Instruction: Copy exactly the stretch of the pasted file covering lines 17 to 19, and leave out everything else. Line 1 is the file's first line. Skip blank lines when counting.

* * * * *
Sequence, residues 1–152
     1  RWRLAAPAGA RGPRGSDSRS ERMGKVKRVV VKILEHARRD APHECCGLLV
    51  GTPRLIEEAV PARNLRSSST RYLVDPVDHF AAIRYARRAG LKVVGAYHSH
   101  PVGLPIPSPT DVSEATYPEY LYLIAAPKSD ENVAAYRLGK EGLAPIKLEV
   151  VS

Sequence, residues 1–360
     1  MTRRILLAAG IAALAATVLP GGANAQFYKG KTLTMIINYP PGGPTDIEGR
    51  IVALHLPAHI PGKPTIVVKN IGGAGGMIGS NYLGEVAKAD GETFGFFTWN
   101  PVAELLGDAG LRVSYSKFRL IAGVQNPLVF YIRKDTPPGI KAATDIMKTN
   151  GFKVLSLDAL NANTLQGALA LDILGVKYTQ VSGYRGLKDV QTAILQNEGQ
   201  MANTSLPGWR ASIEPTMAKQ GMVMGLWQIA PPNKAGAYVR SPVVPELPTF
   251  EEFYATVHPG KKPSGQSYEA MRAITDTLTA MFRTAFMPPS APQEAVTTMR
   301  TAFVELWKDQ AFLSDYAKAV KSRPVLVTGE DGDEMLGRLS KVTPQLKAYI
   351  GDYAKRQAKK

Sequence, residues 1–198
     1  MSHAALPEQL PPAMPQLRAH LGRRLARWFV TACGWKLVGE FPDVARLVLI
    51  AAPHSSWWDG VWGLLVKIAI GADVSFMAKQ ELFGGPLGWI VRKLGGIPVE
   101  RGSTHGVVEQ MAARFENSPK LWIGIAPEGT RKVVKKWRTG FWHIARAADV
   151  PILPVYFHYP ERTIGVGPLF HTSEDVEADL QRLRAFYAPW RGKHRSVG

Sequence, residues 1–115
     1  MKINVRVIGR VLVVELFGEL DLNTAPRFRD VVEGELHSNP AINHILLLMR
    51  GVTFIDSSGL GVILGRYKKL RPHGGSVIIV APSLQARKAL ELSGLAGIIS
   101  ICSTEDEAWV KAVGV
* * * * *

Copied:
    51  AAPHSSWWDG VWGLLVKIAI GADVSFMAKQ ELFGGPLGWI VRKLGGIPVE
   101  RGSTHGVVEQ MAARFENSPK LWIGIAPEGT RKVVKKWRTG FWHIARAADV
   151  PILPVYFHYP ERTIGVGPLF HTSEDVEADL QRLRAFYAPW RGKHRSVG